91: Chapter 15 Avshalom's Rebellion (Part II)

  • Rav Amnon Bazak


The Book of II Shmuel

Rav Amnon Bazak




This shiur is dedicated in memory of Israel Koschitzky zt"l, whose yahrzeit falls on the 19th of Kislev.  May the world-wide dissemination of Torah through the VBM be a fitting tribute to a man whose lifetime achievements exemplified the love of Eretz Yisrael and Torat Yisrael.





Rav Amnon Bazak





            In the previous shiur, we saw that when David fled from Jerusalem because of Avshalom's rebellion, he was joined by his foreign loyalists. He was later joined by others, who brought with them a most important item:


(23) And all the country wept with a loud voice, as all the people passed over; and as the king passed over the brook Kidron, all the people passed over, toward the way of the wilderness. (24) And, lo, Tzadok also came, and all the Levites with him, bearing the ark of the covenant of God; and they set down the ark of God, but Evyatar went up, until all the people had done passing out of the city.[1] (25) And the king said to Tzadok, “Carry back the ark of God into the city; if I shall find favor in the eyes of the Lord, He will bring me back, and show me both it, and His habitation. (26) But if He say thus, ‘I have no delight in you;’ behold, here am I, let Him do to me as seems good to Him.”


            The priests assumed that the most natural place for the ark was with David. It was David who had brought the ark from its forlorn place in Kiryat-Ye'arim (see chapter 7), and without a doubt its going with David would give him both a spiritual advantage and a symbolic and moral advantage. David's reaction is surprising; he refuses to take the ark with him. David sees his forced exile as a punishment from God, but his main argument here is that the ark must remain in "His habitation." This is a critical moment: For the first time we hear that Jerusalem is the place destined for the resting of the Shekhina, and therefore for the ark of God. David expresses this point at a most difficult point in his life, when his life is in jeopardy owing to his rebellious son.


            Until now it had not been clear that the ark's place is in Jerusalem; bringing the ark to the City of David could have been interpreted as a political step. After all, rulers had always tried to establish their rule through control of religious centers and geographical proximity to them. A clear example of this is the calves set up by Yerov'am ben Nevat in order to diminish the political power bestowed upon Rechav'am by his proximity to the Temple (Melakhim I 12:26-33). By bringing the ark up to Jerusalem, David strengthened the status of the city that he had chosen to serve as his capital and called by his name – the City of David (Shemuel II 5:6-9).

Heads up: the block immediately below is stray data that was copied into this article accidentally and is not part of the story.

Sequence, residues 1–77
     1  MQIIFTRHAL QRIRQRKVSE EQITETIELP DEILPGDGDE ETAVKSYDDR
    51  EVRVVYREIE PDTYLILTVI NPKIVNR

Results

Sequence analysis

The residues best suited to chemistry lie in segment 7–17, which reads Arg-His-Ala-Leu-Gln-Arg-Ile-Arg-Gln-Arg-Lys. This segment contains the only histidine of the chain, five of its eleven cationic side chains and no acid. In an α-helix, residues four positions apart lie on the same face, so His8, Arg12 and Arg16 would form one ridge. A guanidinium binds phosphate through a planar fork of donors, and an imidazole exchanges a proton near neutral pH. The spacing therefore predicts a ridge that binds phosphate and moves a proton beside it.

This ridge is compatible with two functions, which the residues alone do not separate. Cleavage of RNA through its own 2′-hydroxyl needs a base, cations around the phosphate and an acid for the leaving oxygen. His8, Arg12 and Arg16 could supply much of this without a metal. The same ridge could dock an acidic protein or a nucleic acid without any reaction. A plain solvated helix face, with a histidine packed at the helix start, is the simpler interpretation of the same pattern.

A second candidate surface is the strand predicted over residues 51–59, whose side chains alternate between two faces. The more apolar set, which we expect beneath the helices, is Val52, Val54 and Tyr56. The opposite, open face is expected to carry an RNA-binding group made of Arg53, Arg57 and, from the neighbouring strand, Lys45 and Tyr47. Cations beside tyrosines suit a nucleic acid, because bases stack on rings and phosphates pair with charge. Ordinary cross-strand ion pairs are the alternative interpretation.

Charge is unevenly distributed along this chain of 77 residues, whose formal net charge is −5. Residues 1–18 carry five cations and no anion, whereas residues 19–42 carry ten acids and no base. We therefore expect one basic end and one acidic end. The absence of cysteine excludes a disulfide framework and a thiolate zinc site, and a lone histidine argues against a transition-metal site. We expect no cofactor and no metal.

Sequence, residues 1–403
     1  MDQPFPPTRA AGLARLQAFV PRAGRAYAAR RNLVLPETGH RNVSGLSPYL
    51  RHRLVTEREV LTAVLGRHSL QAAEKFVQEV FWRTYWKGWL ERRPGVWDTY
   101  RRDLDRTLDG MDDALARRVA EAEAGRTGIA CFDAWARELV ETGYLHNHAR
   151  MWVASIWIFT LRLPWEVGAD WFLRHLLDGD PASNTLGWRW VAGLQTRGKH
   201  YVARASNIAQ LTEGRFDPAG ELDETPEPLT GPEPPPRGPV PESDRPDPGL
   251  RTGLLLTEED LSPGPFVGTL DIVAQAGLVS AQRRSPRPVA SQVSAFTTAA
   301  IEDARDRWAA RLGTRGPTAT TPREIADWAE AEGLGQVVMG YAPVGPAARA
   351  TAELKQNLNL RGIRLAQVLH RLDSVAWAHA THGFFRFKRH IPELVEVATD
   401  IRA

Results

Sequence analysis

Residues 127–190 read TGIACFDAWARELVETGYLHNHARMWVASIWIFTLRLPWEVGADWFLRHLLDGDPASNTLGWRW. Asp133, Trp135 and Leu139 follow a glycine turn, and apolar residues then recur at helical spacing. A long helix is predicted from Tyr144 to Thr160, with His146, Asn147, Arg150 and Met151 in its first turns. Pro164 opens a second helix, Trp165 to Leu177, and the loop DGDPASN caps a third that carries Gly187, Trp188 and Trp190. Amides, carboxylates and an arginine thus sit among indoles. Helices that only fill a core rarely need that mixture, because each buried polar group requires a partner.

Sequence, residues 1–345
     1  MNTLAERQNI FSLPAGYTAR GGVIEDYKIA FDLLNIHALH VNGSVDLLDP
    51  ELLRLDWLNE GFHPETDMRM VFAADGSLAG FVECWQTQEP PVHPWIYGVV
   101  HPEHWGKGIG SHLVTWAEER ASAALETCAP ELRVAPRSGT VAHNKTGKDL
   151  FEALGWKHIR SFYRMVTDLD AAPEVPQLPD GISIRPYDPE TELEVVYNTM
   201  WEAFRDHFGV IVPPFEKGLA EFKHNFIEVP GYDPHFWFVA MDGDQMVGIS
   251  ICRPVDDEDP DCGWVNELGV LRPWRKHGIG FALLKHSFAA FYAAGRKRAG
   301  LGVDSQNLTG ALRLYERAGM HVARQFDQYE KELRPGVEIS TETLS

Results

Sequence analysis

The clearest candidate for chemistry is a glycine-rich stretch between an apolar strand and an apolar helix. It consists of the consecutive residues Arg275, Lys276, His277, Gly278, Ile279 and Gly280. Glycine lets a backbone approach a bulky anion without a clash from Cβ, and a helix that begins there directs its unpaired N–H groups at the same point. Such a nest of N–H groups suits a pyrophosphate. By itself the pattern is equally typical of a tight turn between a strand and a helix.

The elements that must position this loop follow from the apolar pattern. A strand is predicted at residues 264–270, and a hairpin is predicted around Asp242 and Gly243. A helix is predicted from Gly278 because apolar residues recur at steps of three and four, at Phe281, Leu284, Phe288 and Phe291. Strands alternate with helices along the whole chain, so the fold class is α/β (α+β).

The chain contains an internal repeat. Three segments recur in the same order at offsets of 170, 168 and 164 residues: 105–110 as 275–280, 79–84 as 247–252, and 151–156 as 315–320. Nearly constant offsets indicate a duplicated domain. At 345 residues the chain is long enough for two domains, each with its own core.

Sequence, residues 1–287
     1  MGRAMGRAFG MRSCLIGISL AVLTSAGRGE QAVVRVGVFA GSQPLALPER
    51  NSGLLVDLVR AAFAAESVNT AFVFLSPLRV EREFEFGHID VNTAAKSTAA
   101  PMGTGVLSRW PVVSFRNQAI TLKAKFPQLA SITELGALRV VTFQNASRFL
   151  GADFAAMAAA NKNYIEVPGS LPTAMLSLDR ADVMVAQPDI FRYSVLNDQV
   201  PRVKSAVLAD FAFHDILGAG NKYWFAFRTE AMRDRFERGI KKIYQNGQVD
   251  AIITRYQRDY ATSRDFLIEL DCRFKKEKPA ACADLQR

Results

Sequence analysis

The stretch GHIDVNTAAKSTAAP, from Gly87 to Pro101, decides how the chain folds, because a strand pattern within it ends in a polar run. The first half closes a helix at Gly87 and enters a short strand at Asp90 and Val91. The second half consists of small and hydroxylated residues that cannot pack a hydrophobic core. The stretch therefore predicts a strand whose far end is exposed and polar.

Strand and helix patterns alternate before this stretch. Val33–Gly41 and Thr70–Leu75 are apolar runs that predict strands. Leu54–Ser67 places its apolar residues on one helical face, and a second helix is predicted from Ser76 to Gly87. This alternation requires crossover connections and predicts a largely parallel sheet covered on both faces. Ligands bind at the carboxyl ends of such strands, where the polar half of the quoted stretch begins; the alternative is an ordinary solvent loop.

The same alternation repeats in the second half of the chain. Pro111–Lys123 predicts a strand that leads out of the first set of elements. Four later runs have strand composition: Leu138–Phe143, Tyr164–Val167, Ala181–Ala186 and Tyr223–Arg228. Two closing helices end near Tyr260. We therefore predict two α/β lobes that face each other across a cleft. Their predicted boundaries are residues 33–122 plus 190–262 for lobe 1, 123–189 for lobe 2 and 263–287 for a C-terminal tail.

The story of Avshalom's revolt proves that David's bringing of the ark to Jerusalem was not done out of political considerations, but rather out of a deep understanding that it belongs there. Thus, for the first time in history, Jerusalem is given spiritual-religious status; David made Jerusalem not only his political capital, but also the fixed seat of the ark of the covenant of God. The ark would no longer wander from place to place. From now on, its place is in Jerusalem.


            Scripture adopts a unique method to highlight this historical moment against the background of the pressing circumstances of the hour. The story of the crossing of the Kidron brook is very reminiscent of the account of the crossing of the Jordan in the days of Yehoshua. There we read:


And it came to pass, when the people removed from their tents, to pass over the Jordan, the priests that bore the ark of the covenant being before the people… while all Israel passed over on dry ground, until all the nation had done passing over[2] the Jordan. (Yehoshua 3:14-17)


In our chapter, we read:


…as all the people passed over; and as the king passed over the brook Kidron, all the people passed over… And, lo, Tzadok also came, and all the Levites with him, bearing the ark of the covenant of God; and they set down (va-yatziku)[3] the ark of God… until all the people had done passing out of the city. (Shemuel II 15:23-24)